Corresponding author: Scott M. Williams, Department of Genetics, Geisel School of Medicine, Dartmouth College, 78 College Street, HB-6044, Hanover, New Hampshire 03755. Tel: 603 646 8171; E-mail: email@example.com
Using genetic data from an obesity candidate gene study of self-reported African Americans and European Americans, we investigated the number of Ancestry Informative Markers (AIMs) and candidate gene SNPs necessary to infer continental ancestry. Proportions of African and European ancestry were assessed with STRUCTURE (K = 2), using 276 AIMs. These reference values were compared to estimates derived using 120, 60, 30, and 15 SNP subsets randomly chosen from the 276 AIMs and from 1144 SNPs in 44 candidate genes. All subsets generated estimates of ancestry consistent with the reference estimates, with mean correlations greater than 0.99 for all subsets of AIMs, and mean correlations of 0.99 ± 0.003; 0.98 ± 0.01; 0.93 ± 0.03; and 0.81 ± 0.11 for subsets of 120, 60, 30, and 15 candidate gene SNPs, respectively. Among African Americans, the median absolute difference from reference African ancestry values ranged from 0.01 to 0.03 for the four AIMs subsets and from 0.03 to 0.09 for the four candidate gene SNP subsets. Furthermore, YRI/CEU Fst values provided a metric to predict the performance of candidate gene SNPs. Our results demonstrate that a small number of SNPs randomly selected from candidate genes can be used to estimate admixture proportions in African Americans reliably.
Genetic epidemiology studies seek to identify loci with statistically significant allele or genotype frequency differences between cases and controls. If case status covaries with differences in ancestry, many genetic loci can be expected to differ in their allele frequencies irrespective of etiology, potentially giving rise to spurious associations (Clayton et al., 2005; Rosenberg and Nordborg, 2006; Tian et al., 2006; Price et al., 2008;Tian et al., 2008b). To minimize the confounding effects of population substructure, quantitative estimates of individual ancestry need to be considered. Bayesian clustering or maximum likelihood methods are typically used to calculate these estimates (Pritchard et al., 2000; Alexander et al., 2009), or clusters are identified using Principal Components Analysis (PCA) or multidimensional scaling with genotyped genetic markers (Price et al., 2006; Li and Yu, 2008; Novembre and Stephens, 2008).
The number of genotyped markers sufficient to infer and to correct for ancestry depends on the genetic heterogeneity of the populations under study and the informativeness of the markers being used, with informativeness a function of allele frequency differences between the ancestral populations from which the study samples derive. The most commonly used markers for this purpose are termed Ancestry Informative Markers (AIMs), which are selected for their large allele frequency differences between ancestral populations (Shriver et al., 1997; Akey et al., 2002; Rosenberg et al., 2003; Smith et al., 2004; Halder et al., 2008; Nassir et al., 2009; ). However, genetic variants with relatively small allele frequency differences between populations can also be used to infer ancestry if they are genotyped in sufficient numbers. In large-scale candidate gene studies or in genome-wide association studies (GWAS), the sheer quantity of markers under study makes the use of independent AIMs unnecessary, even for assessing ancestry in highly homogenous populations. For example, using 960 cancer candidate gene SNPs, Sloan et al. (2009) were able to infer the European country of origin in immigrants to the United States; and using over half a million SNPs, Novembre et al. (2008) were able to characterize substructure in a European population accurate to within a few hundred kilometres of geographic origin.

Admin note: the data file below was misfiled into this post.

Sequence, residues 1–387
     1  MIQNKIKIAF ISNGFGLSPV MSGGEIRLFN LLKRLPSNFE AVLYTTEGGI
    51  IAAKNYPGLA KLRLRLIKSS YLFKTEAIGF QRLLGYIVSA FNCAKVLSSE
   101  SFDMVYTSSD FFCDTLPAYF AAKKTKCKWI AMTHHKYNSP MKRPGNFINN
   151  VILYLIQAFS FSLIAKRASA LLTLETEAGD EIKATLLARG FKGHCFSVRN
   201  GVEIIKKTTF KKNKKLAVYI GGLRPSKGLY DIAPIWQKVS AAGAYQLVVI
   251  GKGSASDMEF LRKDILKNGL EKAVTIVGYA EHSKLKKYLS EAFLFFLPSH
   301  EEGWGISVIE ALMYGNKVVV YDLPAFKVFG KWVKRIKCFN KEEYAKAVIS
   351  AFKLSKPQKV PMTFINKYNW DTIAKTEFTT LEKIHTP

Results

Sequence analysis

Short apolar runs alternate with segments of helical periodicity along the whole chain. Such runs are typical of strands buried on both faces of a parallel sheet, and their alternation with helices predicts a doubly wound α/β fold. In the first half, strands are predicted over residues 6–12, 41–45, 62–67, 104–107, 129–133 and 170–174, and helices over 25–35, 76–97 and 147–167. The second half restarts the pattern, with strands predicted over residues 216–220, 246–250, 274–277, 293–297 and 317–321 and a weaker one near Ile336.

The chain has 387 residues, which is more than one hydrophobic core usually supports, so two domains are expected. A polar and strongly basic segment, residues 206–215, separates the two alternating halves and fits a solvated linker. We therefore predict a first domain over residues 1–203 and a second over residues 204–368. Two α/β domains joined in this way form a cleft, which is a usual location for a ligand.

Although panels of AIMs have been assumed to be necessary in smaller candidate gene studies, the point at which they can be confidently bypassed, owing to a sufficient number of candidate SNPs, remains largely unexplored. Allocco et al. found that as few as 50 SNPs chosen randomly from the HapMap database can assign individuals to their ancestral continent of origin with an average accuracy of 95%, suggesting that AIMs may not be necessary even in studies with relatively few markers (Allocco et al., 2007). However, SNPs chosen randomly from throughout the genome via HapMap are likely to provide more independent information than SNPs chosen from a set of nonrandomly distributed candidate genes, many of which may be in linkage disequilibrium (LD). Moreover, many studies of admixed populations, such as African Americans, require an assessment of the proportion of admixture. These analyses demand more information from genotypic markers than when individuals need only be assigned to their continent of origin.
Herein, we present an analysis of 1300 self-reported African American and 1247 self-reported European American subjects using 276 AIMs and 1144 obesity-related candidate gene SNPs to evaluate the number of AIMs and/or candidate gene SNPs necessary to characterize global ancestry adequately in similarly designed studies.
Materials and Methods